Ooo, this is convenient. I was thinking the same question the other day on taking the muni out on the Malverns. A lot of tracks up there are rather narrow with raised shelves of grass either side; excellent pedal strike territory. These sections generally coincide with bits with a very large drop off to one side or a hill so steep you would have a very long walk to get back up to the unicycle, if you still had enough unbroken bones to do so. Being somewhat unwilling to launch myself off a cliff I ended up riding very slowly and cautiously, dismounting on bits that without the drop would be excellent fun.
My muni is a 24" with 165mm cranks; if there was a perfect muni for avoiding pedal strikes this isn’t it. Presumably a 26" would be better?
With a 3" tyre on a 26" uni the total diameter is about 28" and so riding a 29" uni would probably make very little difference to speed.
I compared my 26 with someone’s 28 at crawley last year and found that the total diameter was exactly the same.
Tyre choice makes it as versatile too as I switch between the 26x3" duro and 140 or 170mm cranks and a 26x2.5 hookworm with 125mm cranks so it’s great for fast trails, muni or commuting.
The 26" is a great all round uni and I would recommend it to anyone.
Yes, a 26x3 is 28" overall diameter. But the big fat downhill tyre is much heavier than a 29er. It’s probably not much different top-speed wise, but less weight to lug up the hills, so journey speed should be higher. That’s what makes me think a 29er would be good for my riding style. But the 26 is a very good all-rounder.
Phil: I’ve noticed a considerable improvement in pedal-strike vulnerability going from 165 to 152mm cranks on my 26. So if that extra half-inch of clearance is noticeable you should get significant benefit from the extra inch you’d get by going from 24 to 26" wheel, possibly at the expense of a bit of tractoring power on climbs.
I’m always curious about this idea that a 24x3 is the same diameter as a 26, and a 26x3 is the same as a 29. Maybe if the tyres are hugely different in size, but for something like this they won’t be. a skinny tyre on a 26 might be the same as a 24x3, but that isn’t really relevant - the question here is a big fat 24" tyre or a big fat 26" tyre. Even where the 26" tyre is smaller, there is a difference. The 24x2.6 wheel on my muni is noticeably smaller than the 26x2.1 wheels on my bike, so I’m always curious about everyone saying they’re the same.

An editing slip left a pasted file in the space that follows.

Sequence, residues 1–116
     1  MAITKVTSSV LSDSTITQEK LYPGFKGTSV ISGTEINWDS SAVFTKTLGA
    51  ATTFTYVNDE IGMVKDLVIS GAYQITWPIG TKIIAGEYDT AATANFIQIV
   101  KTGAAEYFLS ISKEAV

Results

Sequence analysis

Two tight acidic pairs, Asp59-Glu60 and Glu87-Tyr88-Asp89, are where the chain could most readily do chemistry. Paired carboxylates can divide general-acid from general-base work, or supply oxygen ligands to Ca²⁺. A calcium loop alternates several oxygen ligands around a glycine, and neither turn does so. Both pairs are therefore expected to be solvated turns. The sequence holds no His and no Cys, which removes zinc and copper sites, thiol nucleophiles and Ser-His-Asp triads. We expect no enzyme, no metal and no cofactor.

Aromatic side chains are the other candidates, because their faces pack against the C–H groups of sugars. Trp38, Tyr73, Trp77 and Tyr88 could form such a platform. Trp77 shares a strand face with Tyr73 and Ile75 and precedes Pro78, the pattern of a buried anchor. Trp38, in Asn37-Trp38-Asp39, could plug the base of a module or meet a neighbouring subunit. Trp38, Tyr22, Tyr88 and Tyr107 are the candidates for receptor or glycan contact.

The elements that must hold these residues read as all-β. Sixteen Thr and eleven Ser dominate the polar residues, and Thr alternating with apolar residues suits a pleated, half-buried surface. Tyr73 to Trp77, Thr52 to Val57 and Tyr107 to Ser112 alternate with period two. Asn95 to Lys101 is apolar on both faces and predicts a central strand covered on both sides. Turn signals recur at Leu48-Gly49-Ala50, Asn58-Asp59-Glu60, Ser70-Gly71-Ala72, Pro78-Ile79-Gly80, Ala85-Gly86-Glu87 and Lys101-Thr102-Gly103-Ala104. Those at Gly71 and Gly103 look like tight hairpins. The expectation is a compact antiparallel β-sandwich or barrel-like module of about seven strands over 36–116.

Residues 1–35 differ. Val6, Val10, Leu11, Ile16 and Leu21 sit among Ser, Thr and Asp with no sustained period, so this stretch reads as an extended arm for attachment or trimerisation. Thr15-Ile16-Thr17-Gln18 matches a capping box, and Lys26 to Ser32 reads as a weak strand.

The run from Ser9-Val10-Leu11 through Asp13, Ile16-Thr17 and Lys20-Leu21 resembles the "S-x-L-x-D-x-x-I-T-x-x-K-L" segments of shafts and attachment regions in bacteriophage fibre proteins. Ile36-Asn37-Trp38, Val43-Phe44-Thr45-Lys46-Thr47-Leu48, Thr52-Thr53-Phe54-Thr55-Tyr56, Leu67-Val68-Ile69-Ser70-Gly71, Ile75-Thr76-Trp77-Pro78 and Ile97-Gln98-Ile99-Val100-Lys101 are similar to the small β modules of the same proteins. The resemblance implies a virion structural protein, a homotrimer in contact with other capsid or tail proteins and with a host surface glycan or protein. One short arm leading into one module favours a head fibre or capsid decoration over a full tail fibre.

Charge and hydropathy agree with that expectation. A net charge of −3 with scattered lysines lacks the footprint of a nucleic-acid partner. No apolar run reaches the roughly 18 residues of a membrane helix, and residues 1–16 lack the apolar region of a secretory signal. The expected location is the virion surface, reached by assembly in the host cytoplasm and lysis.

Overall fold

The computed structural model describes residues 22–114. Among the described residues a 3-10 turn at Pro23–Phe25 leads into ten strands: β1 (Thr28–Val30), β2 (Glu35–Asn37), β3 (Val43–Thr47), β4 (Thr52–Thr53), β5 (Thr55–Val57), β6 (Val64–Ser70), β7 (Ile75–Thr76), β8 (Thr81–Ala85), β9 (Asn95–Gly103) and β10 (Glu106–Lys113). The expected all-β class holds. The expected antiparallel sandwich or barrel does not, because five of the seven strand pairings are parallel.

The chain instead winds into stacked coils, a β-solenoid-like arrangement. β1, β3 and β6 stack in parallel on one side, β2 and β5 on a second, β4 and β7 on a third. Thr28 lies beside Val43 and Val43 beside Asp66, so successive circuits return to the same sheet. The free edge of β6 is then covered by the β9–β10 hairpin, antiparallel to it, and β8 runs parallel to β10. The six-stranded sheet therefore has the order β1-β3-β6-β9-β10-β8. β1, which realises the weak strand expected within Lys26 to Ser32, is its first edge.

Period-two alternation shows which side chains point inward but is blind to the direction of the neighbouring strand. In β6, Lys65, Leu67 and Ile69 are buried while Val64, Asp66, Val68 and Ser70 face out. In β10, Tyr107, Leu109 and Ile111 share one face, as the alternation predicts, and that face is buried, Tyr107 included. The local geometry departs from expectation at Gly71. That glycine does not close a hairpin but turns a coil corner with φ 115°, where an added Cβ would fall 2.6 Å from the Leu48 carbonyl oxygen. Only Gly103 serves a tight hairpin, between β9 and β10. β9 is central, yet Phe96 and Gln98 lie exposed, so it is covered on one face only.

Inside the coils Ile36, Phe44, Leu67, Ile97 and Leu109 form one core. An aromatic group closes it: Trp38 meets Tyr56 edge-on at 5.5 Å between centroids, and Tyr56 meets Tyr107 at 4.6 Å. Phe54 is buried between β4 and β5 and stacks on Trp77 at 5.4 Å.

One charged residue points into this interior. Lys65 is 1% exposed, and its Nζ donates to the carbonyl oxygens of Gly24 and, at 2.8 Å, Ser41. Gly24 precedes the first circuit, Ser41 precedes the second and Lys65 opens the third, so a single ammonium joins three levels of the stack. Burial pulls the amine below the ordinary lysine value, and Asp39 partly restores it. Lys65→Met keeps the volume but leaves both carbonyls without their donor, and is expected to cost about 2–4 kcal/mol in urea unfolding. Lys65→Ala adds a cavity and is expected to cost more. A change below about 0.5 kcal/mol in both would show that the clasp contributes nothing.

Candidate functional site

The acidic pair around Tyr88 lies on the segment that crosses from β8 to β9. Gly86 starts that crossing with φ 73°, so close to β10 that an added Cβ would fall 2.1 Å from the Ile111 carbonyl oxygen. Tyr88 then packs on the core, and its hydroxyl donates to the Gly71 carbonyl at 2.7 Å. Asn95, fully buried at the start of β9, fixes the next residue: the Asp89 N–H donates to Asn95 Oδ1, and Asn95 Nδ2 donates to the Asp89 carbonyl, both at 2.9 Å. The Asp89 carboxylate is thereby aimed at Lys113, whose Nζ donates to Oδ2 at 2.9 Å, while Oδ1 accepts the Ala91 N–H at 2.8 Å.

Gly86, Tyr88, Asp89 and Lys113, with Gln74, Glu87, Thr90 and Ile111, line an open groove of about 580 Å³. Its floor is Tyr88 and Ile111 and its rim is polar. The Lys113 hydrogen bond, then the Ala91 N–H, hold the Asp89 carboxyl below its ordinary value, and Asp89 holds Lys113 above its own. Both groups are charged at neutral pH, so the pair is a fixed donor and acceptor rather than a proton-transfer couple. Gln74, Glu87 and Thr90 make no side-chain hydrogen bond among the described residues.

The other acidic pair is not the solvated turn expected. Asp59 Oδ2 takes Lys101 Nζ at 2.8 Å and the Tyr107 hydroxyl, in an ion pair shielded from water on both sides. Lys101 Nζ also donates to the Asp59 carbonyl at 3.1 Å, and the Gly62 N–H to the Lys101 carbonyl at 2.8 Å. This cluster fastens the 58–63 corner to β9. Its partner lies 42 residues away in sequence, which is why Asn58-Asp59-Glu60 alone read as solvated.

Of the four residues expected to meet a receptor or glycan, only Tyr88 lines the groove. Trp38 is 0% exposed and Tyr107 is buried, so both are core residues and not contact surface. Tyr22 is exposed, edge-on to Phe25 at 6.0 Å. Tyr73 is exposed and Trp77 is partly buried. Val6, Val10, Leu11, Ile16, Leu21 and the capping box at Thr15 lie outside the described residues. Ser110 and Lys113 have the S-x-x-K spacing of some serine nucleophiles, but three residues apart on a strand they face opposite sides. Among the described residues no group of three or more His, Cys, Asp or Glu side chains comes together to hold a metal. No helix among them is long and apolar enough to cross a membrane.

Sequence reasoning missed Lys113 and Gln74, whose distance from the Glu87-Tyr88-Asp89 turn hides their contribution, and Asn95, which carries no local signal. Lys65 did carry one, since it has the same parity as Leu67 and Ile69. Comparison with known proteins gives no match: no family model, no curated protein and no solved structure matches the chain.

Apart from anything else the air volume is very significant for muni. If you’re talking about riding that can be done on a 29er, then that’ll be faster, but I can think of lots of riding that while the extra bit of speed is nice, is still very technical and a big tyre is nice to have. Just because you’re rolling not jumping doesn’t mean there aren’t any big rocks.
The 24" or 26" for bike wheels is quoted as a nominal outside diameter for the size of tyre considered “normal” for that rim, rather than the method used for car tyres where they quote the rim diameter. A “normal” tyre for a 26" mountain bike wheel is something like 2", so using a 3" downhill tyre adds two inches to the overall diameter. So a 24" rim with a 3" tyre is actually something like 26" diameter, and a 26" rim becomes about 28" diameter. A “normal” 700c tyre is much skinnier, ending up at about 28" diameter the same as a 26x3". A 29er 700c tyre is a bit fatter (700c x 2"/50mm?).
But I agree with you that a big voluminous tyre is good for muni even if not hopping - that’s the main reason I’ve not swapped my 26x3 for a 29er, for fear of pranging the rim on rocks all the time.
I’ve got a lightly used 26" Profile Yuni I’m considering selling.
Maybe, maybe not. The problem here is, people toss around tire sizes as if they are exact. They’re not. My 26" MUni has almost the exact same tire diameter as my 24" MUni. It very much depends on the tire. So if one doesn’t include the tire width in one’s description or question, it’s hard to answer.
All things otherwise being equal? Bigger is faster, but also heavier. And also a little weaker/prone to tacoing. I like faster, but the rim on my 29" is a little too skinny for the tires I’ve been running on it, so I’ve run into a couple of very inconvenient tire failures far from the car. By contrast, my 24" (with 3" Gazz) is nearly indestructable, and I never have to worry about the same problem. But it’s slower.
A 26" Gazz on a strong rim is really heavy, but probably very strong. Rotational weight is always the least desirable kind, but if speed is more important, go bigger.
People keep coming up with that one. Surely a 26" wheel and tyre is only 8% heavier than a 24" with the same type of tyre. And that’s ignoring the weight of the hub and cranks, which is constant whatever size rim you use - which gives an entire 26" wheelset actually a slightly better weight/speed ratio than a 24" (I know this is over-simplifying things for real-world performance, but I’m just making a point).
You can’t have it both ways:
“It’s only slightly quicker”
but “It’s really heavy”
Unless the 26x3" downhill tyres are a thicker heavier construction than the 24" ones - I suppose that could be true.
The 26x2.6 and 24x3 Gazz tires are the same weight (manufacturer’s numbers). Presumably this implies that the tires are also close to the same volume. I don’t have the diameter measurements handy at the moment.
Like John says, my 26x2.6" is just under 2" wider in diameter than John’s 24"x3". My 29x2.1" is over 2" wider in diameter than the 26x2.6". Even the 26"x3" is nowhere near as large a diameter as the 29er tyres people are running. All this talk of them being the same is weirdy stuff.